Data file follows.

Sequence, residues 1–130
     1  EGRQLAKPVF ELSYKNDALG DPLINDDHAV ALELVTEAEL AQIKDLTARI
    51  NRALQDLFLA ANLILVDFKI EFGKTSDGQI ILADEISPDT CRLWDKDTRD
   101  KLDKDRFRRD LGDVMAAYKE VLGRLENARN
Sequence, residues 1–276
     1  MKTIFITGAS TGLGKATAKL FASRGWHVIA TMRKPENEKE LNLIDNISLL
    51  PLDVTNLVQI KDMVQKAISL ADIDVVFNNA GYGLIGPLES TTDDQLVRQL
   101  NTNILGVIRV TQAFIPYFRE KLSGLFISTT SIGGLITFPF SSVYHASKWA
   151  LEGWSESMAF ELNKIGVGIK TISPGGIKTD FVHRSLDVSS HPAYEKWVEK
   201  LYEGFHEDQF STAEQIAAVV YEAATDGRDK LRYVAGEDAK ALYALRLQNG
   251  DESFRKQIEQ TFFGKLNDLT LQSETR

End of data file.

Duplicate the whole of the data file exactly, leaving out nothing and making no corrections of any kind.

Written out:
Sequence, residues 1–130
     1  EGRQLAKPVF ELSYKNDALG DPLINDDHAV ALELVTEAEL AQIKDLTARI
    51  NRALQDLFLA ANLILVDFKI EFGKTSDGQI ILADEISPDT CRLWDKDTRD
   101  KLDKDRFRRD LGDVMAAYKE VLGRLENARN
Sequence, residues 1–276
     1  MKTIFITGAS TGLGKATAKL FASRGWHVIA TMRKPENEKE LNLIDNISLL
    51  PLDVTNLVQI KDMVQKAISL ADIDVVFNNA GYGLIGPLES TTDDQLVRQL
   101  NTNILGVIRV TQAFIPYFRE KLSGLFISTT SIGGLITFPF SSVYHASKWA
   151  LEGWSESMAF ELNKIGVGIK TISPGGIKTD FVHRSLDVSS HPAYEKWVEK
   201  LYEGFHEDQF STAEQIAAVV YEAATDGRDK LRYVAGEDAK ALYALRLQNG
   251  DESFRKQIEQ TFFGKLNDLT LQSETR